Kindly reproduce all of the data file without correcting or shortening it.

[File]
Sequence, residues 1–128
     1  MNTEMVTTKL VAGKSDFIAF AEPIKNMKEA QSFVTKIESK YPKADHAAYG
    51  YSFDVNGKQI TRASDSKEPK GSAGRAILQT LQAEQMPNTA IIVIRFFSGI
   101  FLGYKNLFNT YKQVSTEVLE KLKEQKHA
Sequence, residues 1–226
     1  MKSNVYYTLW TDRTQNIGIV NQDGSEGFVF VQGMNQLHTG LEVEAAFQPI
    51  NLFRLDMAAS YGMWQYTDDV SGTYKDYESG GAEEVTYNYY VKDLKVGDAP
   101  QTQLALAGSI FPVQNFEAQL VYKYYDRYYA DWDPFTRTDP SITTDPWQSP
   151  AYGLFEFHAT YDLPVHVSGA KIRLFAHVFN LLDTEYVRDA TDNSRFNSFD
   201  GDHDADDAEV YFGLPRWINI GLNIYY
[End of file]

Sequence, residues 1–128
     1  MNTEMVTTKL VAGKSDFIAF AEPIKNMKEA QSFVTKIESK YPKADHAAYG
    51  YSFDVNGKQI TRASDSKEPK GSAGRAILQT LQAEQMPNTA IIVIRFFSGI
   101  FLGYKNLFNT YKQVSTEVLE KLKEQKHA
Sequence, residues 1–226
     1  MKSNVYYTLW TDRTQNIGIV NQDGSEGFVF VQGMNQLHTG LEVEAAFQPI
    51  NLFRLDMAAS YGMWQYTDDV SGTYKDYESG GAEEVTYNYY VKDLKVGDAP
   101  QTQLALAGSI FPVQNFEAQL VYKYYDRYYA DWDPFTRTDP SITTDPWQSP
   151  AYGLFEFHAT YDLPVHVSGA KIRLFAHVFN LLDTEYVRDA TDNSRFNSFD
   201  GDHDADDAEV YFGLPRWINI GLNIYY